MRI Technician Salary

What is the average salary of a MRI technician?

Salaries for magnetic resonance imaging (MRI) technicians vary significantly across the United States, and they can differ based on years on the job, location and even whether a tech has certification. As an indicator of the vast range of wages available in the field, the U.S. Bureau of Labor Statistics (BLS) reports that, as of May 2014, pay ranged from $46,310 or less for those in the lowest 10 percent to $92,220 or higher for those in the highest 10 percent. However, the mean annual wage for MRI technicians was $67,300.

Additionally, the following can be key considerations when examining MRI technician salaries:

  • Level of Training and Education: Typically, the more education you have or are willing to obtain, the better the pay.
  • Geographic Location: Metropolitan areas pay more than rural areas, and coastal states pay more than Midwestern states.
  • Specializations and Certifications: The more certifications technicians have, the better their job prospects and salary potential.
  • Experience: More time on the job can result in better compensation.
  • Industry of Employment: Specialized industries pay MRI techs more than general industries, like hospitals.
  • Employer size: Smaller offices may not have the same financial resources as large facilities.

As an MRI technician gains experience, earns additional certifications and climbs the corporate ladder, their salary may grow accordingly. Also, some areas have higher MRI tech salaries than average, according to May 2014 BLS data. In Nevada, California, Hawaii, the District of Columbia and Massachusetts, the mean annual wage for MRI technicians is above $79,000.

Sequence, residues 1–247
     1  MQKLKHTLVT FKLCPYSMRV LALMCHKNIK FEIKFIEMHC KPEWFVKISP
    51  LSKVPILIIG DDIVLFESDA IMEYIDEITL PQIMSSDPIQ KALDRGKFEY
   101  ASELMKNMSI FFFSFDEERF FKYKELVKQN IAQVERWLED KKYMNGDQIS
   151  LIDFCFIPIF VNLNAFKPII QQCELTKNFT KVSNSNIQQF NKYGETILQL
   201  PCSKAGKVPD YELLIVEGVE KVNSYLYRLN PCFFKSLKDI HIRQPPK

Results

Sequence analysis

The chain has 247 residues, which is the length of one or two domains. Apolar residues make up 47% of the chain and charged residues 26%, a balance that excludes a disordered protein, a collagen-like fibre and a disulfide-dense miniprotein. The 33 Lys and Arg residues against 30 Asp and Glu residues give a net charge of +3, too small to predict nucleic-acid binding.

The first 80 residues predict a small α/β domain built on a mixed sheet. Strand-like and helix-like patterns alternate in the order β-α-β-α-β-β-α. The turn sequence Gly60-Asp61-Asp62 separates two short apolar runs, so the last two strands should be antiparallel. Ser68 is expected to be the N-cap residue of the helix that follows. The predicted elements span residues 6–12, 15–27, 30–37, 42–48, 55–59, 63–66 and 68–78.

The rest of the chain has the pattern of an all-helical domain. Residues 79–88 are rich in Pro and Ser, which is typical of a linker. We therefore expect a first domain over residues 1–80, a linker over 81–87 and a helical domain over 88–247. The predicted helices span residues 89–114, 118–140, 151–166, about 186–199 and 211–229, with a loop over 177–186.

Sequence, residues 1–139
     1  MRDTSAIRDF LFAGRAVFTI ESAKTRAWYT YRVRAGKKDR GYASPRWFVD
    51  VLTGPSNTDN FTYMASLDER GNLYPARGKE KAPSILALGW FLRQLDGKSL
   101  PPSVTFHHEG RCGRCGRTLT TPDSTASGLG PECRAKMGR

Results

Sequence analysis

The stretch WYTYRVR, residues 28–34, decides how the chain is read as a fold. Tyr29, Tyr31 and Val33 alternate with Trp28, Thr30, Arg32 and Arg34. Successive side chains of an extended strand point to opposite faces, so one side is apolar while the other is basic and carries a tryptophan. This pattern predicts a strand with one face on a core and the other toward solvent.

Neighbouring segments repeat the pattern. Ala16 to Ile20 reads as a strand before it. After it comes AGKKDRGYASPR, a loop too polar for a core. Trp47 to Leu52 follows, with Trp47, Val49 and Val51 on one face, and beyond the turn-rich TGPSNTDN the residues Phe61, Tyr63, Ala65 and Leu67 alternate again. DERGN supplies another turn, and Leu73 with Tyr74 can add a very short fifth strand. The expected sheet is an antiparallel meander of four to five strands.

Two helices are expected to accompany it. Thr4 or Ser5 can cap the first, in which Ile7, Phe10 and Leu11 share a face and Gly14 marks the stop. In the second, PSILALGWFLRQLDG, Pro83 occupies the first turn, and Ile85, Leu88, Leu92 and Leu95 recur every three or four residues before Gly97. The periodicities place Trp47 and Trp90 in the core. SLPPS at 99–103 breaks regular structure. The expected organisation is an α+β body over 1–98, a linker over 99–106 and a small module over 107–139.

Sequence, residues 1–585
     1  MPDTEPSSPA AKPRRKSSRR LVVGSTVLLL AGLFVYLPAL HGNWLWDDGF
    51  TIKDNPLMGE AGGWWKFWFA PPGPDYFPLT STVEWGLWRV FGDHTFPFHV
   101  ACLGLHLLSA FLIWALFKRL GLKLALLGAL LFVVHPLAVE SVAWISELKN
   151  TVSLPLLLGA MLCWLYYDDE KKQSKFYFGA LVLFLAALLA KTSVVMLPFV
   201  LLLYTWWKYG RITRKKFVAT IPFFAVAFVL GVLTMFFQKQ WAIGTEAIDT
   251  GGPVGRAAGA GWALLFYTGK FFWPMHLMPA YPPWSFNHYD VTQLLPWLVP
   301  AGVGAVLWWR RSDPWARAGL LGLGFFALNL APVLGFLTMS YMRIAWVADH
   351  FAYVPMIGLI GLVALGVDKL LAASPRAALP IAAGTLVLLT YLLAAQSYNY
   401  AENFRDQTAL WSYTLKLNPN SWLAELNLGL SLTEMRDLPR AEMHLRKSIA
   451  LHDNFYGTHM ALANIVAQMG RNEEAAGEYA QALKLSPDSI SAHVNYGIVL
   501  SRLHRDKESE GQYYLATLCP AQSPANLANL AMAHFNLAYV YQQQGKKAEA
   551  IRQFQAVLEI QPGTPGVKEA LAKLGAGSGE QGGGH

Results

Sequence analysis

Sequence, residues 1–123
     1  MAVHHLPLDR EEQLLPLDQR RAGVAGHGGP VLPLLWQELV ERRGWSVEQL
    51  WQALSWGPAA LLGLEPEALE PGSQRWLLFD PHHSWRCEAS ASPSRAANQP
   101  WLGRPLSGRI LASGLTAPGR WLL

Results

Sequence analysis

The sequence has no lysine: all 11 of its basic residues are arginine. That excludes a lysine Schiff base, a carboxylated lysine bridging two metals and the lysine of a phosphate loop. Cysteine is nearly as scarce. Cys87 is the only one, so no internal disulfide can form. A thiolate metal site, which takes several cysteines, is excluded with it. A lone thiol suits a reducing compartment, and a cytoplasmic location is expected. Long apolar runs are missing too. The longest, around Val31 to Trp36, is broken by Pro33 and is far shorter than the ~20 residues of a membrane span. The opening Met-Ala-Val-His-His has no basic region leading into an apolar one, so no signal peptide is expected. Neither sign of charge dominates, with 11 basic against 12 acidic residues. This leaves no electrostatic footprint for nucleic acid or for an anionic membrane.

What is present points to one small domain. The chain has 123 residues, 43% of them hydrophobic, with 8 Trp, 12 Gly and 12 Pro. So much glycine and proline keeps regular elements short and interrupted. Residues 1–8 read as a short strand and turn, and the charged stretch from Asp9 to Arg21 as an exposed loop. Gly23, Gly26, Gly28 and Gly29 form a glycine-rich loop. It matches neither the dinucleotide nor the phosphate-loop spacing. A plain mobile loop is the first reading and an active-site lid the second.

Is this profession in high demand?

The BLS shows that job demand for MRI techs is expected to grow 24 percent from 2012 to 2022. This growth is much faster than average and could lead to 7,100 new positions becoming available across the country. There are several factors driving demand. This includes an aging baby boomer population who may need more health care services that use magnetic resonance imaging. Somewhat recent changes in federal law are also giving more people access to health care, creating a greater demand and need for services. Also, additional MRI services available in doctors' offices, and not just hospitals, should increase MRI tech demand.

Is there room for advancement?

There are many factors that come into play when initially finding a job and looking for advancement. The BLS reports that MRI techs willing to relocate to rural areas may have better opportunities for gaining employment. Another route to improving job potential is to seek MRI technician certification. Although certification may be required in some states just to be employed, in other states it may not be required but can provide job candidates with a competitive edge. One organization that offers certification is the American Registry of Radiologic Technologists (AART). MRI techs working on certification through the AART need to have completed an accredited education program within the past three years, proving just how valuable an initial education can be.


  1. Magnetic Resonance Imaging Technologists, Bureau of Labor Statistics, Occupational Employment Statistics, May 2014. http://www.bls.gov/oes/current/oes292035.htm
  2. Magnetic Resonance Imaging Technologists, Bureau of Labor Statistics, Occupational Outlook Handbook, Jan. 8, 2014. http://www.bls.gov/ooh/healthcare/radiologic-technologists.htm#tab-6

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